No effect of red clover-derived isoflavone intervention on the insulin-like growth factor system in women at increased risk of colorectal cancer.Cancer Epidemiol Biomarkers Prev. 2008 Oct; 17(10):2585-93.CE
Increased insulin-like growth factor (IGF)-I and IGF-II concentrations are related to increased colorectal cancer risk. Isoflavones have been associated with reduced colorectal cancer risk, and may affect the IGF system because of their weak estrogenic activity. The aim of the study was to investigate the effect of isolated isoflavones on serum concentrations of IGF system components.
MATERIALS AND METHODS
We conducted a randomized, placebo-controlled, double-blinded, crossover trial in four hospitals in the Netherlands to investigate the effect of an 8-week supplementation with red clover-derived isoflavones (84 mg/d) on serum IGF-I concentrations. In addition, serum concentrations of IGF-II and IGF binding proteins (IGFBP)-1, IGFBP-2, and IGFBP-3 were assessed. Normal colorectal tissue biopsies were obtained after the first intervention period and mRNA expression of IGF-I, IGF-II, IGFBP-3, and IGF-IR was evaluated. Our study population consisted of 34 postmenopausal women with a family history of colorectal cancer or a personal history of colorectal adenomas.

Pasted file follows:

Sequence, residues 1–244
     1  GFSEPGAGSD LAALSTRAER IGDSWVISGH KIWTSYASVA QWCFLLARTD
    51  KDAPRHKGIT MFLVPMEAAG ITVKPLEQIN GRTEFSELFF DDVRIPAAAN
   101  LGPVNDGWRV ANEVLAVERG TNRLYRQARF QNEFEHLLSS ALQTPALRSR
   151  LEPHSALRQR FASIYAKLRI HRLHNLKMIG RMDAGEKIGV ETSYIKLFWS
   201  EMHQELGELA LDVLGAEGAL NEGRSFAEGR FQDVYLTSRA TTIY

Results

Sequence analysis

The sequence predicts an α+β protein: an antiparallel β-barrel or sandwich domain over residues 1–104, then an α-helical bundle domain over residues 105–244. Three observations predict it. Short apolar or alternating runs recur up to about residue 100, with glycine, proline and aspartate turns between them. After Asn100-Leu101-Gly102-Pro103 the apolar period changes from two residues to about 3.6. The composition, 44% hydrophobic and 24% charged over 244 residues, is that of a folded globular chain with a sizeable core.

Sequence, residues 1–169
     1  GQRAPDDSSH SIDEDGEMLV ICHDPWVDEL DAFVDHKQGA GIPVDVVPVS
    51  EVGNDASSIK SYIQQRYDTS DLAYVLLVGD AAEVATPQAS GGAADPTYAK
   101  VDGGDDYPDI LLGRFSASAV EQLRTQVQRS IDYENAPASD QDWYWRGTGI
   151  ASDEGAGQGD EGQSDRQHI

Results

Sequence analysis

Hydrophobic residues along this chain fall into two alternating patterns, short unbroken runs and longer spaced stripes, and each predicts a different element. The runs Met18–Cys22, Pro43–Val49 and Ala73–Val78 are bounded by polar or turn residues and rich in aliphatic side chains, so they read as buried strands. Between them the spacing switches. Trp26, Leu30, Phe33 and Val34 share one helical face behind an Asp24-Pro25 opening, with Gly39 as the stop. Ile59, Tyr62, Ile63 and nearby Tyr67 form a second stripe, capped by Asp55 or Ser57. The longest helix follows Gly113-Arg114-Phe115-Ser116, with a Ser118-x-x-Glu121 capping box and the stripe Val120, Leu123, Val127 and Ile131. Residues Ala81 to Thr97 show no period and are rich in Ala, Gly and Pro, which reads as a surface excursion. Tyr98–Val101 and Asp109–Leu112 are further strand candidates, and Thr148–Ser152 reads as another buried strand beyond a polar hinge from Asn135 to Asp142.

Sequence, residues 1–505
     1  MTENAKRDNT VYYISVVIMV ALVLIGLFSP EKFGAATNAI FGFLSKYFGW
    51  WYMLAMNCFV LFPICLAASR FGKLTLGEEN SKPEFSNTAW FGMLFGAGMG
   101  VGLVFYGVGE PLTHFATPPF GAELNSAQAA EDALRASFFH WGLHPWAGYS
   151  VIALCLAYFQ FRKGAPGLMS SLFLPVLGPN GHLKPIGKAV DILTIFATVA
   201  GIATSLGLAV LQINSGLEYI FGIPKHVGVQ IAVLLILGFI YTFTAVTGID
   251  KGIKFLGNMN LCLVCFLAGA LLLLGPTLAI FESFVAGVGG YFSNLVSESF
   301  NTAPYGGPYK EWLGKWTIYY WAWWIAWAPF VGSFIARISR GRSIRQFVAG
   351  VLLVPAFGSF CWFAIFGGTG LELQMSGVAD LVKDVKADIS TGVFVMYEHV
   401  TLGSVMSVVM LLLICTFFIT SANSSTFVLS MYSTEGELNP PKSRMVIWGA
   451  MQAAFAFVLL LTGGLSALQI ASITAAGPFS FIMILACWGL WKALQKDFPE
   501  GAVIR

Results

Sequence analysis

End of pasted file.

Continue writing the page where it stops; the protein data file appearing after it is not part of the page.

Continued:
Isoflavone supplementation did not significantly affect serum concentrations of total IGF-I (mean relative within-person difference; IGF-I, -2.0%; 95% confidence interval, -8.0% to 3.9%). IGF-II and IGFBPs were also not significantly altered after isoflavone supplementation. Colorectal tissue mRNA expression of IGF system components did not significantly differ between individuals on isoflavone supplementation and those who received placebo.
The results of our trial, supported by a qualitative review of soy trials published to date, suggest that isoflavones do not significantly affect circulating levels of IGF system components. Increased levels of IGF-I, as observed in most of these trials, are likely due to simultaneous protein supplementation.